Waste reduction is just a small part of Cedar Hill’s initiatives, though. Cedar Hill has integrated renewable technology into the very infrastructure of the town’s inner workings. “Our government building has several examples of going green. We have a 152-kilowatt solar panel system on the roof, along with a  4.5-kilowatt wind turbine, which was also paid for with grants,” Melissa shared. “Even the combining of the city and school districts into one building is an example. Now citizens are only paying taxes for one building instead of two.”

While there are several examples of renewable energy and reduced waste at the Cedar Hill Government Center, one unique feature serves as a “green-print” other towns may soon replicate. “We have four electric car docking stations here. Two are for public use, and two are for our two electric cars,” Melissa explained. “Our city is only 34 square miles, so these cars can go through the whole town a few times before they need to be recharged.” Cedar Hill’s two green cars are easy to spot, because they actually are green. They are wrapped with decals signifying their example as a next step in the growing conservation movement. “We figured putting the public recharge stations so close to the theater would help, too,” Melissa expounded. “They can plug in their car, go over to see a movie and come back ready to hit the road again.”
While her passion for what she does is immediately evident, interestingly, Melissa had no particular background in environmental conservation. “I didn’t have experience beforehand, but that is this business. One of my early projects was building a new animal shelter,” she stated. “I had no idea all of the plumbing and drainage details you have to take into account, but I learned. You have to become an expert in lots of new things.” 313sw1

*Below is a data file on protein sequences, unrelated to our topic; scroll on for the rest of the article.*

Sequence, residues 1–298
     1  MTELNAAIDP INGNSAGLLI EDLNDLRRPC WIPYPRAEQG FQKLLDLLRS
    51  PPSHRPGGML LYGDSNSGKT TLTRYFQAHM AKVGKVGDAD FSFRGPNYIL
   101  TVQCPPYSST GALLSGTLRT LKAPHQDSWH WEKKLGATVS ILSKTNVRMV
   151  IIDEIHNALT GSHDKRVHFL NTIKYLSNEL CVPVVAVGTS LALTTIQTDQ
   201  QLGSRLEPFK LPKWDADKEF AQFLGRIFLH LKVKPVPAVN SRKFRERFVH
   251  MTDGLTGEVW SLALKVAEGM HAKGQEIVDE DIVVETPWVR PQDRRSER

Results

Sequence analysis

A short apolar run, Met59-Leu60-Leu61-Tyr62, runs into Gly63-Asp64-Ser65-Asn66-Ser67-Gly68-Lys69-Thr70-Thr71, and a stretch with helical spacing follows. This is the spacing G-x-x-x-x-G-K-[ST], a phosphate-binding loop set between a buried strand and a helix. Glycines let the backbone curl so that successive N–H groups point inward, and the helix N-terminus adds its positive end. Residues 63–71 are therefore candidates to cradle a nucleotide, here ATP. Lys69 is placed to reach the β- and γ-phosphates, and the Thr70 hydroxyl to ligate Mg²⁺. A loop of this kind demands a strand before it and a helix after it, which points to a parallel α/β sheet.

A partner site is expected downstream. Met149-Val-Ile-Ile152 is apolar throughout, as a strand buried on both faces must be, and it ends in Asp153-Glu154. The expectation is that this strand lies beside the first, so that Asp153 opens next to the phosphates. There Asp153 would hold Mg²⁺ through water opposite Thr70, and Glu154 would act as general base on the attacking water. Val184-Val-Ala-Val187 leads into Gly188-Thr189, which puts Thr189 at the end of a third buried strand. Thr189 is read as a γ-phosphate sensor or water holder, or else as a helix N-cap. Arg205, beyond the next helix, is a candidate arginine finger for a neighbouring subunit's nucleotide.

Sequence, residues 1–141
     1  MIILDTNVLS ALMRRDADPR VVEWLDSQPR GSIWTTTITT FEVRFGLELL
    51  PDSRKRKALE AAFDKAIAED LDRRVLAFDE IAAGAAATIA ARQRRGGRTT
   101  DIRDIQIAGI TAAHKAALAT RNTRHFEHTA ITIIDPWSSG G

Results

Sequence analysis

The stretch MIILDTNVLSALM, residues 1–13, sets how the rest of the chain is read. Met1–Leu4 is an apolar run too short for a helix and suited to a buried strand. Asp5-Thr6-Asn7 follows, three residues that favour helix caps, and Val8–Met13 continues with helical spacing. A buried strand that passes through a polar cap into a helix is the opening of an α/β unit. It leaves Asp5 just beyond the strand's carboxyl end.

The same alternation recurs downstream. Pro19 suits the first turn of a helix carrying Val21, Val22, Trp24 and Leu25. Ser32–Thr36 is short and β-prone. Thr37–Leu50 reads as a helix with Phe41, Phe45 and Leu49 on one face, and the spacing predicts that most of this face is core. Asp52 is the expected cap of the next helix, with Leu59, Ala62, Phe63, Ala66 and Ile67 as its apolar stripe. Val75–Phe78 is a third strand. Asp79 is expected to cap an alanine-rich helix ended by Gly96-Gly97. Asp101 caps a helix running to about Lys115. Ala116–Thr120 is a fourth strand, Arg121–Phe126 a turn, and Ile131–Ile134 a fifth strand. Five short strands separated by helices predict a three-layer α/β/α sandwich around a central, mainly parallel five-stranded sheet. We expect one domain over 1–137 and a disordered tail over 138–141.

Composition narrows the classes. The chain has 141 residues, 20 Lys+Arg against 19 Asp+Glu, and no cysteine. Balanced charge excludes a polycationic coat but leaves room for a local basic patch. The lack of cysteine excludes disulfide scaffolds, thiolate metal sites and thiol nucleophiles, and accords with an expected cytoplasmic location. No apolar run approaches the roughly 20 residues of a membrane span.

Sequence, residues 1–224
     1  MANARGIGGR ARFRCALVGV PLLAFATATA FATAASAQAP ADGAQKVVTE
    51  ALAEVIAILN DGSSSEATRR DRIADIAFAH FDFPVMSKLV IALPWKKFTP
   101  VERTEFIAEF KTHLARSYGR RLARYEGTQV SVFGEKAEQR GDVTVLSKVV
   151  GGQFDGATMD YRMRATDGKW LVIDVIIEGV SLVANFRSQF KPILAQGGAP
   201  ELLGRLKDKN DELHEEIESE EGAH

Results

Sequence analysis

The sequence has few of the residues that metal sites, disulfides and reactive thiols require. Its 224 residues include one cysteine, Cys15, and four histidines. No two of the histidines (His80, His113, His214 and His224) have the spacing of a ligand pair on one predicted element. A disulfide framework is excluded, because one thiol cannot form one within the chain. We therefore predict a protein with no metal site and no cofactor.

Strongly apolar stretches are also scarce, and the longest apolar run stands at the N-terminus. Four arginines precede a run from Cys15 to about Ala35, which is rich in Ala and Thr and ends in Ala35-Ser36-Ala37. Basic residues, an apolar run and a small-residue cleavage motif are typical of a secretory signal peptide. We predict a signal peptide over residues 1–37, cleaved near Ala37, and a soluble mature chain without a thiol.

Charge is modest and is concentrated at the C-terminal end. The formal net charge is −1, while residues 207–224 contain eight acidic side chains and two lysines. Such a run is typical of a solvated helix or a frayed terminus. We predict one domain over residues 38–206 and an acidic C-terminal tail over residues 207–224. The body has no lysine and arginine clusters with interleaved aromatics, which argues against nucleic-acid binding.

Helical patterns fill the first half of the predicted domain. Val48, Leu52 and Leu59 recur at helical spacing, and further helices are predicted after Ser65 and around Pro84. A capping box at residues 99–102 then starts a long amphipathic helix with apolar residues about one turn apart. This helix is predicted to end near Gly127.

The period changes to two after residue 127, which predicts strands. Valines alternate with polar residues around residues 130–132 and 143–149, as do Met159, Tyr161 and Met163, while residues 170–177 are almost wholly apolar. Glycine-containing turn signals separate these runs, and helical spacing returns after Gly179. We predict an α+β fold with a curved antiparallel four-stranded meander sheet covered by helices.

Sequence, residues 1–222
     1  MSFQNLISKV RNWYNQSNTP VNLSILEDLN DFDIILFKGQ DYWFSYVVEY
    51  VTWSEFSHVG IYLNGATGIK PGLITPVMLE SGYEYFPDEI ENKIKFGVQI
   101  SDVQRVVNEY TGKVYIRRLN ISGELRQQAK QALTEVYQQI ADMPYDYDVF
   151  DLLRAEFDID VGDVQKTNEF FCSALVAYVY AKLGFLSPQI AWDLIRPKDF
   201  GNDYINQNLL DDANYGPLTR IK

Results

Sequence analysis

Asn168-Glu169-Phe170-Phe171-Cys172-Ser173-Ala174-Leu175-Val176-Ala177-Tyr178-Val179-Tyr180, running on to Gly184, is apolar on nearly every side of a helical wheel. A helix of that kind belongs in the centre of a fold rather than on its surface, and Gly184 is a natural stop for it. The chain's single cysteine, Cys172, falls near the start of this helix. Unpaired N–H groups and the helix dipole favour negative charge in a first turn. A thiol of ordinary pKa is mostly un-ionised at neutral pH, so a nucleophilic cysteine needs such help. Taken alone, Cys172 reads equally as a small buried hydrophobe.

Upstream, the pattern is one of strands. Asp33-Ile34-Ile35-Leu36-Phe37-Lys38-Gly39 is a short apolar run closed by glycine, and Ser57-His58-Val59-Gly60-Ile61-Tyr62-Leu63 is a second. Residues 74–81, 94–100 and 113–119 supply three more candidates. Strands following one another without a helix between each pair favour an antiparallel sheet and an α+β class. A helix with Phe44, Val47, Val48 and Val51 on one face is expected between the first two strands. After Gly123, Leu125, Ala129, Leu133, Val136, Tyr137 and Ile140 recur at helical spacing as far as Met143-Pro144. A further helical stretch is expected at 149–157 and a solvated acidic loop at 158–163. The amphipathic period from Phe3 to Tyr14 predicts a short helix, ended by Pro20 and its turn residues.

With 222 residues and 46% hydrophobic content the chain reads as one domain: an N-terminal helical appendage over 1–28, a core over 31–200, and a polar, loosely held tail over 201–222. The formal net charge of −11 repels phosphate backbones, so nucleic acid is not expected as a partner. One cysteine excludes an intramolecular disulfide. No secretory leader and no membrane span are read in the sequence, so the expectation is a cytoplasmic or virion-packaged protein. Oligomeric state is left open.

When she is not busy connecting the dots to make things happen, Melissa has a whole life outside of the government building. She loves kickboxing and traveling with friends. She is also a loving mother of two. Amaya is in pre-K at Bray Elementary, and Zoe will start there next year. They go to church at Pantego Bible in Fort Worth, and Melissa stressed her reliance on her GPS, her “God Positioning System.” Her girls, though, are also a constant reminder of why she does what she does. “We are continuing to look for ways to serve the community and be responsible, while operating under limited resources,” she said. “I want to make sure my kids are breathing the same, if not better air when they grow up.”

Melissa’s ancestry is native Cherokee Indian, so she was brought up with a greater respect for the land than most. She brings that attitude into deciding whether or not to move forward with each new step of Cedar Hill’s green efforts. “Every project we look at has to make sense on three levels,” she explained. “Socially — do people want it? Environmentally — does it make a difference? And economically — will there be a return on investment?” When the answer is yes to all three, she works hard to make things happen. From dramatically increasing Cedar Hill’s recycling to installing state-of-the-art green technology, Melissa has come a long way from just up I-35.

Written by Zachary R. Urquhart.